China Airlines 747SP suffered flameout on NO.4 at 41000ft with AP on, no big deal really ( I was 747 Capt). The capt. did a barrol roll and in few seconds lost 30000ft. Had it been at 30000ft it would have met the same fate as AF447. He was flying a real aeroplane not a FBW. He was an experienced captain and not a rookie copilot. Nobody blamed 747. Things happen you know.
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Old 7th Oct 2013, 03:11
  #88 (permalink)  
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Some stupid pilots get lucky, some don't. Learn to really fly, then fly. Even stupid pilots can do stupid things and get lucky and not crash. Others aren't quite so lucky so everybody dies. AF 447 was one of those.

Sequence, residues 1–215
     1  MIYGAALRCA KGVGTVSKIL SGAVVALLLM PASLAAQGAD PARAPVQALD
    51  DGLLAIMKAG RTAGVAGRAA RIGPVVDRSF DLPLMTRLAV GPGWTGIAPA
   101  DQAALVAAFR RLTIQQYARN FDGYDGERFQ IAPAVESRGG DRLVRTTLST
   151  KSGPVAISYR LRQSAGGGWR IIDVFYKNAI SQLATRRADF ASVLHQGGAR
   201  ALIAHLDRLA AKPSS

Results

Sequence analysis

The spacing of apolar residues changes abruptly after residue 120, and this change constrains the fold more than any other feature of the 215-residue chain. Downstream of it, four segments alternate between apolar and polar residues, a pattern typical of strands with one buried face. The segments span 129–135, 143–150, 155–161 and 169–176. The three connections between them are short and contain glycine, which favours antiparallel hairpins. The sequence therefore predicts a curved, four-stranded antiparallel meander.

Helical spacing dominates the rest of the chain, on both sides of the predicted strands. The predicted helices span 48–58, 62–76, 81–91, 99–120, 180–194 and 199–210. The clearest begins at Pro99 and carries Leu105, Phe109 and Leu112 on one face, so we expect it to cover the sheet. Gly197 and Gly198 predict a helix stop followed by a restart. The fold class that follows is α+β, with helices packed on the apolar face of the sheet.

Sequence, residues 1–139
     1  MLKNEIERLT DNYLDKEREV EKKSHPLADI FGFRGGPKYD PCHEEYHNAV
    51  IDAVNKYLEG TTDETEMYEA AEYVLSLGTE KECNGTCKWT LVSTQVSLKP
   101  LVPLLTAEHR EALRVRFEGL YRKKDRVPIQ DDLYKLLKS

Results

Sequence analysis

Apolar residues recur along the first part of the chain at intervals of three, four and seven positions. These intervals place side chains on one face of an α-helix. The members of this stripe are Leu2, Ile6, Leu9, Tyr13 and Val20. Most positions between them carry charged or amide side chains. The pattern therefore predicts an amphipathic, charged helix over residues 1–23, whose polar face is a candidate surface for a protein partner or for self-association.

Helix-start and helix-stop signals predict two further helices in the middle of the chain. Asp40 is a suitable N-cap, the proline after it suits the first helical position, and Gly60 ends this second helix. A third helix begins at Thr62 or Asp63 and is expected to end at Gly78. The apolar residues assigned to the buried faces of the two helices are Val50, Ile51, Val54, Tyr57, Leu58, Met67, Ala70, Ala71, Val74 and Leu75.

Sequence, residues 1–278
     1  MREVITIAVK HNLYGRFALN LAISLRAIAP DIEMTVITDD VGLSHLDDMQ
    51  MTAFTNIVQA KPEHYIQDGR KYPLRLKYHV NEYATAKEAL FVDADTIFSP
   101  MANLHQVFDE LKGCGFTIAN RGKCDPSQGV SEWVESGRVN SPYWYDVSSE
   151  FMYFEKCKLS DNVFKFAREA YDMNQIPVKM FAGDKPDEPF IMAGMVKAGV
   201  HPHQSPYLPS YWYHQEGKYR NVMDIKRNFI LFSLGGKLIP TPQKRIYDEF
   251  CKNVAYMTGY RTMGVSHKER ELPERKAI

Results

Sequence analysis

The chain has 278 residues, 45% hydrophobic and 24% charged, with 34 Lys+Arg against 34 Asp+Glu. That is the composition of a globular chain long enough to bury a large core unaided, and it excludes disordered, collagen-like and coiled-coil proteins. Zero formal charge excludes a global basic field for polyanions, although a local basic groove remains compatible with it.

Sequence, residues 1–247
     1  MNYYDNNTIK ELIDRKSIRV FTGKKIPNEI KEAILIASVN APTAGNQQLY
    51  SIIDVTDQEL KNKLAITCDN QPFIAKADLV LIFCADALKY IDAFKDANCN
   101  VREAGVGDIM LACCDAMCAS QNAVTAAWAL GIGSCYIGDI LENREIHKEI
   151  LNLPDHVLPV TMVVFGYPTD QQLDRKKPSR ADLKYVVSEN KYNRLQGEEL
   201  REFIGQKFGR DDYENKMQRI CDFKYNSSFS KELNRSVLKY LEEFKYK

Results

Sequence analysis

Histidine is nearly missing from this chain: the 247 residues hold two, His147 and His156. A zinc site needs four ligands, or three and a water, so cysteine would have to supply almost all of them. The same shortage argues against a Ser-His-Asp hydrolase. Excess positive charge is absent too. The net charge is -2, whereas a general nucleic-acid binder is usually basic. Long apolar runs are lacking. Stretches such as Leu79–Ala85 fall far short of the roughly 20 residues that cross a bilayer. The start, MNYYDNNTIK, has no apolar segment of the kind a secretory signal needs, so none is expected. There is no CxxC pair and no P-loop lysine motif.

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Old 7th Oct 2013, 03:19
  #89 (permalink)  
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I saw that twisted up 747 at SFO for quite some time. Quite impressive of his ability to recover from a roll because an engine failed and he didn't follow any procedures. He is probably his home town hero. They probably don't know how to fly either.